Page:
Editor's note: Every month, The Blaze Magazine publishes an exclusive "In the Hot Seat" interview movers, shakers and celebrities we believe our readers would be interested in getting to know. For the latest issue, Mike Opelka spoke with Joe Kerry, the head of Glenn Beck's new nonprofit Mercury One.
Here is a taste of the newest "In the Hot Seat" sit-down. The full interview is available only in The Blaze Magazine.
Joe Kerry operated behind the scenes at Mercury Radio Arts for years. A lawyer with seemingly boundless energy, Joe worked his way up from a position as a researcher for Glenn Beck to the trusted post as chief of staff for Glenn. Last fall, Joe made a very big move—essentially a career change. He moved out of the shadows and into the spotlight, launching Mercury One—an ambitious charitable operation that is behind this summer’s “Restoring Love” event in Dallas.
BLAZE: Your path to the top spot at Mercury One was not a typical one. Can you explain how the organization came to be and how you ended up at its helm?
KERRY: Glenn had a vision, and that’s how the organization was founded. When I met Glenn nine years ago, he said you’re going to run my nonprofit charity. I was surprised to learn that he didn’t have one. As Glenn’s business grew, I thought that his desire to start a charity had faded and was forgotten. In September 2011, Glenn approached me and asked if I was ready to accept his offer to run his nonprofit charity.
At the time, I was serving as Glenn’s chief of staff and chief researcher. It was an opportunity I could not pass up. Very few people have the opportunity to have their passion be their life’s work. Glenn gave me that opportunity, and it’s challenging but very rewarding.
BLAZE: Mercury One’s mission statement reads: “To inspire, organize and mobilize individuals to improve the human condition physically, emotionally and spiritually with malice towards none and charity for all.” In your first year, what do you consider to be your biggest accomplishment as it concerns the mission statement?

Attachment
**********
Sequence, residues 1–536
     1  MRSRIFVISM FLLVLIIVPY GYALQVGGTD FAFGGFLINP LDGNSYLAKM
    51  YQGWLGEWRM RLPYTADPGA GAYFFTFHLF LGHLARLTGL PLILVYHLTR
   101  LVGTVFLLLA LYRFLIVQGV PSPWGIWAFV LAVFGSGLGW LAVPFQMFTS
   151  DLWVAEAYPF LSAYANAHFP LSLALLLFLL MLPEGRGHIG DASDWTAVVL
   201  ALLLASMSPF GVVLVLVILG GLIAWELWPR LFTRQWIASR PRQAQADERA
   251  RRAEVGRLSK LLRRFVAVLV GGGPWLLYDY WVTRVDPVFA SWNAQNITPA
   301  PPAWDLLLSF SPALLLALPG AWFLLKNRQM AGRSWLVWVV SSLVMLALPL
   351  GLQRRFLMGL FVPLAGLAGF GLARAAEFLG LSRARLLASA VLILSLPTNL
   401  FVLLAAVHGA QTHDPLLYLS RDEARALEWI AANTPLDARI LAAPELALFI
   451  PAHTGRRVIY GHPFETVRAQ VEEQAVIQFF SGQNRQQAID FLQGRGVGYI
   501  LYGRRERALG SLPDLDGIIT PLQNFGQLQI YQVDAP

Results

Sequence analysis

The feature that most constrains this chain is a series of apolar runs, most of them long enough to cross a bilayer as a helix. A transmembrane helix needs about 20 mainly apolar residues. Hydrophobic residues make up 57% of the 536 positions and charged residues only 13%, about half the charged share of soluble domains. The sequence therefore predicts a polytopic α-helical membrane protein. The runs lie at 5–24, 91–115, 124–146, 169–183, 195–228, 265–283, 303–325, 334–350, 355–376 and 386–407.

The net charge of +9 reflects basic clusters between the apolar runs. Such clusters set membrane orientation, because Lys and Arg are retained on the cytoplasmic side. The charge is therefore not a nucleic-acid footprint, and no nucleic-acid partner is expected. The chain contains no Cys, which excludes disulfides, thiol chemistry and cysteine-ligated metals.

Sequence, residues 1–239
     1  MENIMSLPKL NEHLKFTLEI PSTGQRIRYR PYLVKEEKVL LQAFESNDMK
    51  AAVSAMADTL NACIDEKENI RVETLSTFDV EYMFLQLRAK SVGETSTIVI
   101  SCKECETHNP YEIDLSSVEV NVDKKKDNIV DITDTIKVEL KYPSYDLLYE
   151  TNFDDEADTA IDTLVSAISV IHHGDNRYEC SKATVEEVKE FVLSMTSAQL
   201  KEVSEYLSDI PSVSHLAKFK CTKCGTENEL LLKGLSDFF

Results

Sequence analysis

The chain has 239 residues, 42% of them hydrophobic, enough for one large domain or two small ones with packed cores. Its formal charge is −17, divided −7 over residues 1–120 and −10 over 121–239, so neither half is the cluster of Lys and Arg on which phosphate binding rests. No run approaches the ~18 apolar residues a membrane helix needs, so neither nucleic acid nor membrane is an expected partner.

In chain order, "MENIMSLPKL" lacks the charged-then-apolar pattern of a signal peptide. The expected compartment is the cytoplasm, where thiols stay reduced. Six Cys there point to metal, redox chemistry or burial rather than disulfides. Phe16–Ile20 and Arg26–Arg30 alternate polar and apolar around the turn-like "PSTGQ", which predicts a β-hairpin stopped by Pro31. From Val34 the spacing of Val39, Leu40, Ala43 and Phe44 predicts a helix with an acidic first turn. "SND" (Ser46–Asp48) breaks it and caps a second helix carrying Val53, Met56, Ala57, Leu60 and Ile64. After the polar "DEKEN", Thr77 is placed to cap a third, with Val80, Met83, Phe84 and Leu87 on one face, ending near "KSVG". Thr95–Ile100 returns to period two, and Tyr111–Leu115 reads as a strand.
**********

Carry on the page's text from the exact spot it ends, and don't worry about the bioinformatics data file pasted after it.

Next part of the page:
KERRY: Mercury One was formally organized in November 2011. In those short seven months, we have accomplished quite a bit. There are over 300 self-established Mercury One groups across the country and on two different continents.
*We’ve raised over half a million dollars for tornado relief.
*We’ve worked with the Holocaust Museum of Houston in raising awareness and funds for their restoration of the Danish boat Hanne Frank, which rescued Jews from the Nazis.
*We’ve worked with the Kanzius Cancer Research Foundation to help them raise funds and awareness for their cutting-edge cancer research.
*And we’re working with Glenn Beck, WallBuilders and FreedomWorks in bringing the Restoring Love event to Cowboys Stadium this summer.
BLAZE: Restoring Love is possibly the biggest undertaking of its kind. Have you set goals for certain things that would let you consider it a success?
KERRY: When Glenn first raised the idea of having an event at Cowboys Stadium, I don’t think there was one member of the senior staff or production team that thought it was a good idea.
I certainly didn’t think we’d sell out the available tickets to the event in two days. I never thought we’d have 30,000 people sign up for our July 27 “Day of Service” in the Dallas-Fort Worth area. I never thought that we’d have people from over 30 countries coming out to attend our event, and yet FreedomWorks just reported that they’re coming.
I’m grateful for the support that these numbers reflect. But that’s not how I’d define success. Success would be having each individual that attends this event—either in person or by participating by watching over GBTV—leave this experience with a greater desire to do good, to have a greater sense of community and a deeper appreciation of faith.
BLAZE: One of the main tenets of Mercury One is “Goodness.” Can you teach people to be good?
KERRY: I think goodness can be taught. Not in a classroom or a lecture but by example—by watching other people do good. My life was changed by . . . .